Is The Captain America Movie Being Put On Hold? (Updated)

Illustration for article titled Is The Captain America Movie Being Put On Hold? (Updated)

Has The Wolfman done what Batroc The Leaper, Baron Zemo and even Iron Man couldn't manage? New rumors are claiming that the poor box office performance of director Joe Johnston's werewolf movie may have resulted in Cap's (temporary?) demise. UPDATED.

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Movie blog Remington's Cinema is claiming that anonymous sources from the set of John Landis' Burke and Hare are saying that Marvel/Disney have postponed the Cap project from its announced 2011 release following the flop of Johnston's The Werewolf, teasing that the decision may allow the studio to switch directors.

How this squares with recent rumors about the movie finally screen testing potential Caps is unclear, although it's possible that any possible postponement may also allow Marvel more time to find the right celluloid sentinel of liberty. Or maybe they just want to disabuse Johnston of his "Cap can sing and dance during WWII" idea...

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UPDATE: A Marvel Studios spokesman has been in contact to reassure us that this rumor is untrue, and that Captain America is still targeted for its 2011 release, with Johnston attached.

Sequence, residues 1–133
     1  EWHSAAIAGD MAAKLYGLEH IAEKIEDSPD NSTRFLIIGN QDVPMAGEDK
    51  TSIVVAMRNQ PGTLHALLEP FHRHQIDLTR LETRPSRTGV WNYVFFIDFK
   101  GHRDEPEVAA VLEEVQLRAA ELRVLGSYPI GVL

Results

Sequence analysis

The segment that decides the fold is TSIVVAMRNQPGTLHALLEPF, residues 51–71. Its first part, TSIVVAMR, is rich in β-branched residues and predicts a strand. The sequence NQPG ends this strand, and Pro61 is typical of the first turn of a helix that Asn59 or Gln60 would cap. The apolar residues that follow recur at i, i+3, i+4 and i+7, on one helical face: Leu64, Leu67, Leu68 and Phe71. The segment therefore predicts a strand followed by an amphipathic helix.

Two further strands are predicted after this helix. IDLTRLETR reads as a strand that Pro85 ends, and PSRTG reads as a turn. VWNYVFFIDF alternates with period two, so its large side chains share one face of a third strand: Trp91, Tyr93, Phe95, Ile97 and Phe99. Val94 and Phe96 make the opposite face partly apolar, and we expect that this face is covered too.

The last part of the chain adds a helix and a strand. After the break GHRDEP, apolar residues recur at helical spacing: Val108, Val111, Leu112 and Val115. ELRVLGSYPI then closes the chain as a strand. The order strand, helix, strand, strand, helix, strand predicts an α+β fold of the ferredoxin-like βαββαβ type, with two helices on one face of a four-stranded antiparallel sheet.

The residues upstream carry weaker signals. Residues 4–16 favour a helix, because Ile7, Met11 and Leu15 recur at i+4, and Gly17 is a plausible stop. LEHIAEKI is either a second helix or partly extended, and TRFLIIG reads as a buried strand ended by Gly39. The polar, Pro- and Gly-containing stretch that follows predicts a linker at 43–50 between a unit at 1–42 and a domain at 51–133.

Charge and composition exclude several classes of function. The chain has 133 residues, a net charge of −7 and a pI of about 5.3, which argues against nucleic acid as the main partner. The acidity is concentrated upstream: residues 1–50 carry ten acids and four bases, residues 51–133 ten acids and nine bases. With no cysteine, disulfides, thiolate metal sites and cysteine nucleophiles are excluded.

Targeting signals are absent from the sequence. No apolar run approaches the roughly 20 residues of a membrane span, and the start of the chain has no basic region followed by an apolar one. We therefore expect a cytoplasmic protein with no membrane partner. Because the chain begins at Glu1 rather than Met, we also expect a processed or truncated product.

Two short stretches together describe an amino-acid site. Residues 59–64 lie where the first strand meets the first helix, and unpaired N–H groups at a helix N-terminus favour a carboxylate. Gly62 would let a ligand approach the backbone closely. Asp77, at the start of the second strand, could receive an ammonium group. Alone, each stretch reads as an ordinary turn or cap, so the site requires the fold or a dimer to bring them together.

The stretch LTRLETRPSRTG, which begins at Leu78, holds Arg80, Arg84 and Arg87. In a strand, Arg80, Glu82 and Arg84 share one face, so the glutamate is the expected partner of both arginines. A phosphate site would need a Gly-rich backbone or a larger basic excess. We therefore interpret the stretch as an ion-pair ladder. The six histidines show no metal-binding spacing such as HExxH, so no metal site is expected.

Joe Johnston's Captain America: Shelved? [Remington's Cinema]

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DISCUSSION

deerseason
deerseason

Johnston is by no means a director but the Wolfman flopping is nowhere near solely his fault. It was troubled when Mark Romanek dropped out due to creative differences and he was brought in hastily. Sure, he had troubles with editors and the studio but the ONLY filmmaker I know that ever managed to save a sinking ship is Brad Bird with Ratatouille.

The Wolfman was DESTINED to be a flop. I don't think it could've ever made back its money, no matter how good it was (it cost more than Van Helsing). Benicio Del Toro has never proven to be able to headline a blockbuster on his own. And the content by its very nature holds it back: It's period but not funny (like Sherlock Holmes and Pirates of the Carribean), it's R Rated but the violence isn't hip and stylized (like say, The Matrix, Wanted, or 300), and the monster in the movie isn't a shirtless teenager.

I'm positive the Mark Romanek version would have done just as well at the BO as this version.

And finally, he may not have the dramatic weight of Marvel's other A-list directors, but Johnston was someone with whom I could entrust a WWII era sensibility without turning it into an ugly, shaky-cam or super bullet-time shootemup.

Also, Johnston is one of my biggest influences growing up as far as illustration and visual effects go, so I'm willing to cut him some slack.